Bill tabled to curb officials’ state business deals

Posted 17 July 2013 Written by Linda Ensor
Category Business

A DRAFT bill has been tabled in Parliament which aims to prohibit state employees and their families from directly or indirectly holding more than a 5% interest in any entity that does business with the government unless prior approval is obtained from the relevant minister, according to an article in Business Day.

However, the effectiveness of the draft Business Interests of Government Employees Bill, which is aimed at stamping out corruption in government, will be limited by the fact that it will not be retrospectively enforced and will therefore not apply to contracts already under way.

This appears to be inevitable as retrospective legislation is frowned upon and can in some circumstances be unconstitutional.

Of concern to business might be the fact that contracts found to involve government employees, without this being declared up front, will be cancelled and subject to a claim for damages.

Public Service and Administration Minister Lindiwe Sisulu announced earlier this year that the bill was just one of a number of measures planned to tackle corruption in government, which some analysts believe has become endemic.

The memorandum of the bill points to concern that "a large proportion of corruption detected in government results out of public servants and politicians starting or becoming major shareholders in companies that do business with government".

It notes that the delivery of quality services to the public has been undermined by civil servants "inappropriately benefiting from government tenders".

The memorandum refers to a 2011-12 auditor-general’s report that said the Free State government had awarded 50% of its contracts to politicians and their families. It also cites other examples such as the departments of health and basic education where thousands of employees were engaged in business with the state.

The bill will require all entities wishing to do business with the government to submit an affidavit that discloses the business interest that a government employee or a family member has in the entity. Failure to comply will mean the application or tender for a government contract will be rejected.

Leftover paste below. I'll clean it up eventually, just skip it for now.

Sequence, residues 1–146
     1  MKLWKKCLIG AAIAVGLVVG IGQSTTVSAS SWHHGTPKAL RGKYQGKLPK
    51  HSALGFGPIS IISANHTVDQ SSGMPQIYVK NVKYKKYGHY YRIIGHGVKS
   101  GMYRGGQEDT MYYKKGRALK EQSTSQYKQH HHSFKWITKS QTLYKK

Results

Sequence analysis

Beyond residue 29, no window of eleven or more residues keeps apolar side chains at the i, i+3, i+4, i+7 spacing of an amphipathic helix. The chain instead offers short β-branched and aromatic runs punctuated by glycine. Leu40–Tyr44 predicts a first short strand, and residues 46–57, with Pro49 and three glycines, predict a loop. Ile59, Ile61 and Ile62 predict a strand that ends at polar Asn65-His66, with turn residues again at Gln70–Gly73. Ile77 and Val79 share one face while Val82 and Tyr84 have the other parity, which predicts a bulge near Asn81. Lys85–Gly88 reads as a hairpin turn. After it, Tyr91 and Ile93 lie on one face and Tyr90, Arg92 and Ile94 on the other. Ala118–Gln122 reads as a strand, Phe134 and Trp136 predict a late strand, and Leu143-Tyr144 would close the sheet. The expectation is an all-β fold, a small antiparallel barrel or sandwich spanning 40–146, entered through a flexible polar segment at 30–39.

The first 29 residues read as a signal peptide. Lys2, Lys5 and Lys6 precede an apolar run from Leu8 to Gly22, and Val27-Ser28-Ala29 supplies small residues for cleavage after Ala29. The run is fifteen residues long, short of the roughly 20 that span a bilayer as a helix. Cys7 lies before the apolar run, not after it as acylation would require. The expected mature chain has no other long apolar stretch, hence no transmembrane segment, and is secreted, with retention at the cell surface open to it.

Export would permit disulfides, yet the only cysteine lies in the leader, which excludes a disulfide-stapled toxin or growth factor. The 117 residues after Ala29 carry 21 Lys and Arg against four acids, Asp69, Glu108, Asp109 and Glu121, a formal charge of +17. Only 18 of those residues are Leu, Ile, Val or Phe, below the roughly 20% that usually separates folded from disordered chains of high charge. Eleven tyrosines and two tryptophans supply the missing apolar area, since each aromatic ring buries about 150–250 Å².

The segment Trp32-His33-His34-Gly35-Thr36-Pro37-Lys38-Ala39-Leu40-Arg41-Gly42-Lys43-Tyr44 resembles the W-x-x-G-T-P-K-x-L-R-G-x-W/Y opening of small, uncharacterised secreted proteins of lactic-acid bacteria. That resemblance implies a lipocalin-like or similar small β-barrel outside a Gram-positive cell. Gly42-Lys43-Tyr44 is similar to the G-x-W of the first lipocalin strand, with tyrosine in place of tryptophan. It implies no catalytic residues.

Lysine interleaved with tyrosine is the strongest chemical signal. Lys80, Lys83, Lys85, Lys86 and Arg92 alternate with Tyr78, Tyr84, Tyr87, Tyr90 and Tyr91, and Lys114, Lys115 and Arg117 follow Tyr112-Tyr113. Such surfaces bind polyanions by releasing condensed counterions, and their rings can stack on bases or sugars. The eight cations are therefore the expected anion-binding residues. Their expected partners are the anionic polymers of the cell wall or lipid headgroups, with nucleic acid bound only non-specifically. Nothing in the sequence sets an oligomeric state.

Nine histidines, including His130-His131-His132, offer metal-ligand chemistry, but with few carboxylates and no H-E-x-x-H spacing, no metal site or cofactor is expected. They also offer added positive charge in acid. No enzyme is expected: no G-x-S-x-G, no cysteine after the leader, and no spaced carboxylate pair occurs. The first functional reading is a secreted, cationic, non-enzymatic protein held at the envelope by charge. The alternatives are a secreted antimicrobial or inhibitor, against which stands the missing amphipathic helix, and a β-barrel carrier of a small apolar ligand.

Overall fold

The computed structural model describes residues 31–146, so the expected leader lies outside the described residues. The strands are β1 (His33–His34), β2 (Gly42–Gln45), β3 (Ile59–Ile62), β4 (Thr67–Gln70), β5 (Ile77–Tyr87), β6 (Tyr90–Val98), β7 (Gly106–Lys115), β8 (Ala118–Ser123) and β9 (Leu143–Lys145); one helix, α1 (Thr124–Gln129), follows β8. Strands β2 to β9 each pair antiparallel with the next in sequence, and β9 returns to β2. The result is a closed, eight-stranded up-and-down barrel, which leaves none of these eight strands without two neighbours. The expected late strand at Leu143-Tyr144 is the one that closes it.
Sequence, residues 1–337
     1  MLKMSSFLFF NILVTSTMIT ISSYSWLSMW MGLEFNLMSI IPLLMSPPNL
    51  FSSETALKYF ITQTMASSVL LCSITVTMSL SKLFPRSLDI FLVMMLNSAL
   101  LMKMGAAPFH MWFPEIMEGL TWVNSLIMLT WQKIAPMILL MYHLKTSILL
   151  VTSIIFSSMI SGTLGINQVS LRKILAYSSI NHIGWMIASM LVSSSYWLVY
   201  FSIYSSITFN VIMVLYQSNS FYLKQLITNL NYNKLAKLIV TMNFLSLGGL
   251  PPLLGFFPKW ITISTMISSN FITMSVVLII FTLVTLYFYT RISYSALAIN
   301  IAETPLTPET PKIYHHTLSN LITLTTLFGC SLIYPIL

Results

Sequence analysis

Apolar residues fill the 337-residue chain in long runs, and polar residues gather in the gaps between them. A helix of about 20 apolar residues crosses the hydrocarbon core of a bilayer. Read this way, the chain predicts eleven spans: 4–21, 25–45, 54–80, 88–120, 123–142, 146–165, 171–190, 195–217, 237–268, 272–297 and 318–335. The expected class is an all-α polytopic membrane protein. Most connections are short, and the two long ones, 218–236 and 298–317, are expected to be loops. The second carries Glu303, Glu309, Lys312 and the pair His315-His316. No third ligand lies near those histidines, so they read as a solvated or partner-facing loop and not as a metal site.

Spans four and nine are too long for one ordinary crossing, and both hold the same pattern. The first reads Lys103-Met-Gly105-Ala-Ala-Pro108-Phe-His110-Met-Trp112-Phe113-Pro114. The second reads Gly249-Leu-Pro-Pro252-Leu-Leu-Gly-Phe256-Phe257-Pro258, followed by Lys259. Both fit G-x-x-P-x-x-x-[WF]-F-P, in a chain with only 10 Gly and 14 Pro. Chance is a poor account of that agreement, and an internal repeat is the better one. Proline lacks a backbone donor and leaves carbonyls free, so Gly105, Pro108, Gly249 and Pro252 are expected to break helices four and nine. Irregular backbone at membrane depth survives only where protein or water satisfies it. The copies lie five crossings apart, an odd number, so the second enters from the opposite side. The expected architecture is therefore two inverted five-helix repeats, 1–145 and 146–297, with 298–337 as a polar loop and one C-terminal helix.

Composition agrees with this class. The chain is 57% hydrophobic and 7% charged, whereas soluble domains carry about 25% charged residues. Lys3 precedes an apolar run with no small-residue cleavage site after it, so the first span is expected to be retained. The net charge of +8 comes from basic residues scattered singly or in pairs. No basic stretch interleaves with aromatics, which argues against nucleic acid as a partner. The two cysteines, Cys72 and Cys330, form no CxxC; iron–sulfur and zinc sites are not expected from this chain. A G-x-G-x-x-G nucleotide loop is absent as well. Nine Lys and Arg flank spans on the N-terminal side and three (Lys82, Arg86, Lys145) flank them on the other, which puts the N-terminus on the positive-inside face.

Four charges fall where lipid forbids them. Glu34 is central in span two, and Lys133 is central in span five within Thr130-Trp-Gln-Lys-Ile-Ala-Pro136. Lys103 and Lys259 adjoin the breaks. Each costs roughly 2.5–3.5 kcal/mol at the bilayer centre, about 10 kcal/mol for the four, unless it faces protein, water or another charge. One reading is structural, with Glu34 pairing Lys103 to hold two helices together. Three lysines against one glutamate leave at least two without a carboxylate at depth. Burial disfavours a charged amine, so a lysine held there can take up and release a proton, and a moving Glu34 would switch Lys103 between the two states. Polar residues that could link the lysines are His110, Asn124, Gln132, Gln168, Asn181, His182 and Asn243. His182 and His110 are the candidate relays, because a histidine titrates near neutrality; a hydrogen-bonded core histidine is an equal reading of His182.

Where a contract has already been awarded, the failure to comply will result in the cancellation of the contract and a claim for damages.

Employees will be obliged to disclose to the government any business interest they or members of their families have in an entity conducting business with the government, at prescribed intervals.

This obligation will come into force within three months of the promulgation of the act and failure to comply will result in disciplinary action.

Departments will have to keep a database of all the business interests disclosed by their employees.

The bill will prohibit employees individually or together with family members, partners, business associates or other employees from directly or indirectly owning or controlling more than 5% of the shares, stock, membership or other interest of that entity.

A minister may waive the 5% limitation after considering an application by an employee.

Consideration would have to be given to the nature of the goods or services to be supplied; the nature and extent of the business interest of the employee; any possible adverse consequences for the state or the employee if the application were to be refused; and the constitution and procurement laws and policy.

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